Support for academic boycott of Israel is incompatible with a position of academic leadership
We previously wrote about the firestorm that erupted over the appointment of Professor N. Bruce Duthu to be Dean of the Faculty at Dartmouth College, New Dartmouth Dean of Faculty endorsed academic boycott of Israel, here’s what that entails.
In that post, I questioned how Duthu could fulfill the duties of the position of Dean of Faculty in light of the sweeping nature of the academic boycott guidelines:
As you can see, the academic boycott guidelines are sweeping in their effect and implications….
Should endorsement of the academic boycott by Prof. Duthu in and of itself disqualify him from leading the faculty at Dartmouth? …
It’s hard to see how, if Duthu believed and believes what he was endorsing when he signed onto the academic boycott of Israel, he can fulfill the responsibilities of the position.
Academic BDS is anathema to the core values and responsibilities of a Dean of Faculty.
Duthu appeared to try to smooth out the disconnect by announcing he no longer supported academic boycotts, though his statement did not sound very genuine, New Dartmouth Dean of Faculty withdraws support for academic boycott of Israel:
Apparently Duthu came to the same conclusion, that he couldn’t both support academic BDS and fulfill the responsibilities of the position of Dean of Students. He made the choice to keep his new position….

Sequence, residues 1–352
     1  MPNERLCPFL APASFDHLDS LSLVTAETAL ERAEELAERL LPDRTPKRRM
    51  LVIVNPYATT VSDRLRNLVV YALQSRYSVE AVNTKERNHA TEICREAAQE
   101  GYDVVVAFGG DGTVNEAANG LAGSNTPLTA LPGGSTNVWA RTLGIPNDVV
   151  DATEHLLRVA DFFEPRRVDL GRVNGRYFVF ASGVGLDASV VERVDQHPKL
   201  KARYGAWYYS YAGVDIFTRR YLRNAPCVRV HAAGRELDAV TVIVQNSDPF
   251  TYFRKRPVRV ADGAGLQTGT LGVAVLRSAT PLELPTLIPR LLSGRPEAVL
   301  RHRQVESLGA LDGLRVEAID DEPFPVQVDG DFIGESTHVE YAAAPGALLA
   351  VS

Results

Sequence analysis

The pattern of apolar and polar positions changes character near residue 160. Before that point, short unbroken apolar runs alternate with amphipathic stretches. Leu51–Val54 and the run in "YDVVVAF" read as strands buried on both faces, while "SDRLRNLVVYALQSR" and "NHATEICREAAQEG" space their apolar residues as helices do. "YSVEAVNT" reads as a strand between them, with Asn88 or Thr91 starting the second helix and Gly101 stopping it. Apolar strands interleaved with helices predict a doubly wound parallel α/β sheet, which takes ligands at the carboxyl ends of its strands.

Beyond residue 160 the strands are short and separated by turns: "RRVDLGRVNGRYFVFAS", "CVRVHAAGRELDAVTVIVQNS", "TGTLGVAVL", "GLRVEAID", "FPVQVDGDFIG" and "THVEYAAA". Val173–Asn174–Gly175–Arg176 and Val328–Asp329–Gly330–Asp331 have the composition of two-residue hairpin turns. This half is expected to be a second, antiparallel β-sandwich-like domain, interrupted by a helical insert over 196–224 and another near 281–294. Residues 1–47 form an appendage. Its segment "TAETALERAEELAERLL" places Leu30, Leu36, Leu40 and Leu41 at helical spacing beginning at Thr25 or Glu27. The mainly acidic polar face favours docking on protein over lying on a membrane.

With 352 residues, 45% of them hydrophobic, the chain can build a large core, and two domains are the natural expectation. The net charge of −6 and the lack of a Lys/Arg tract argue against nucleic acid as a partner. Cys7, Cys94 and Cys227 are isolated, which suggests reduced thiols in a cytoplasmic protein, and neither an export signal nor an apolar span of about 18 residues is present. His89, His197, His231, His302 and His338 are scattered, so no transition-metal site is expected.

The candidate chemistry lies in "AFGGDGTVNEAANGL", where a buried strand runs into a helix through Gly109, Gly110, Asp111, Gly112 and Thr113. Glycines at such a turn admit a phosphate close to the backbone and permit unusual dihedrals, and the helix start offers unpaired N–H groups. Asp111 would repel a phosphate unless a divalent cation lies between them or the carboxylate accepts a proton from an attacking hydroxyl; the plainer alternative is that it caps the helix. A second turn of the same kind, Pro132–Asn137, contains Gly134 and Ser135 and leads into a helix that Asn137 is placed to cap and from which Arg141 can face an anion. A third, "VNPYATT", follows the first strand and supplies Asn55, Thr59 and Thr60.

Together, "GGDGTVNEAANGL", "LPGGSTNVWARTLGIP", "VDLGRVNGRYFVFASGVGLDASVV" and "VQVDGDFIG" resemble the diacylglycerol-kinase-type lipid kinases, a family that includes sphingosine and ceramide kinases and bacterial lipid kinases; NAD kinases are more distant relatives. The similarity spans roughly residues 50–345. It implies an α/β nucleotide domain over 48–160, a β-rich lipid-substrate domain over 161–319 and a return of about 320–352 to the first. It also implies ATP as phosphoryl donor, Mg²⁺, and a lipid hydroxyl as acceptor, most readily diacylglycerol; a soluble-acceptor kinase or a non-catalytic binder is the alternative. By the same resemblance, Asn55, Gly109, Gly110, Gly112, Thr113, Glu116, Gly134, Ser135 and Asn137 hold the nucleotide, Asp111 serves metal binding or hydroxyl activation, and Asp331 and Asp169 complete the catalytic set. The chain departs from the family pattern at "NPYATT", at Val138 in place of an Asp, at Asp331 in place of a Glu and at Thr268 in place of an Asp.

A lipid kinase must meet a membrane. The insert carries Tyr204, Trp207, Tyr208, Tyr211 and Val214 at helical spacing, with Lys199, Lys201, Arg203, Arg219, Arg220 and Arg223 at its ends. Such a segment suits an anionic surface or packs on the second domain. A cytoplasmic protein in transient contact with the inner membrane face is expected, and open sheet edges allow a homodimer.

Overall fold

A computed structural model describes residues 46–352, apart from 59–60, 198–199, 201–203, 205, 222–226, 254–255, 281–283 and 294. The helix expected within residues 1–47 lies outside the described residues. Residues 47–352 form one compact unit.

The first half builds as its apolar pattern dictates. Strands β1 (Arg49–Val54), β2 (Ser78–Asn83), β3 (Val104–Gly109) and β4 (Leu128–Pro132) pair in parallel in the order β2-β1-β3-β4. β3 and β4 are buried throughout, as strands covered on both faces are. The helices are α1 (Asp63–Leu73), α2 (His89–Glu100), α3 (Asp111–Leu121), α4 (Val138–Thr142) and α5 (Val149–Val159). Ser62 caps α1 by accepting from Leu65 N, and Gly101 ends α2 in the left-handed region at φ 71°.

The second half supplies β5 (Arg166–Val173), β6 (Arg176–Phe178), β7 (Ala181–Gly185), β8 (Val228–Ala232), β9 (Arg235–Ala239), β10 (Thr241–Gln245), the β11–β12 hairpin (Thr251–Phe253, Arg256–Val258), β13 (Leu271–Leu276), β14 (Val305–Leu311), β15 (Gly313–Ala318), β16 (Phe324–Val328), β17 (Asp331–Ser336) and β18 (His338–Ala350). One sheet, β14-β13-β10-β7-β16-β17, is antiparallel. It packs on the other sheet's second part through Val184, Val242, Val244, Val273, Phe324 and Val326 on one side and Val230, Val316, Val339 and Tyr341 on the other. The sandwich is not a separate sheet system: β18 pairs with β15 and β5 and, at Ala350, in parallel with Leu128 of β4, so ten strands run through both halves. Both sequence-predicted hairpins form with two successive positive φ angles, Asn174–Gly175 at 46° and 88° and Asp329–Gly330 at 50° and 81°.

Nowhere in his abandonment of his prior position does Prof. Duthu acknowledge the fundamental wrong he committed by advocating the boycott of Israeli academia at the time it mattered — when the American Studies Association (ASA) and Native American and Indigenous Studies Association (NAISA) were considering the boycott in late 2013.
Prof. Duthu also carefully limits his new position to academic BDS, which suggests he still supports the cultural and economic aspects of BDS.
It would have taken great courage for Prof. Duthu to stand up to his Israel-hating colleagues and to speak in favor of academic freedom even if he shared that hatred of Israel. Instead, Prof. Duthu took the easy route of going along with the anti-Israel academic crowd.
Prof. Duthu’s statement sounds like someone who is sorry he got caught, rather than sorry for the act itself.
Duthu’s initial action didn’t completely calm the controversy, and now he has withdrawn from the position of Dean of Faculty, as The Dartmouth reports:
Native American studies professor N. Bruce Duthu ’80 announced today in a faculty-wide email that he has declined his appointment as the next dean of the faculty of arts and sciences. His announcement follows concerns regarding his co-authorship of a 2013 declaration supporting a boycott of Israeli academic institutions
In his announcement, Duthu stated that he will also step down from his current position as associate dean of the faculty for international studies and interdisciplinary programs on July 1 and return to the Native American studies department as a faculty member.
Here is is letter as provided in The Dartmouth: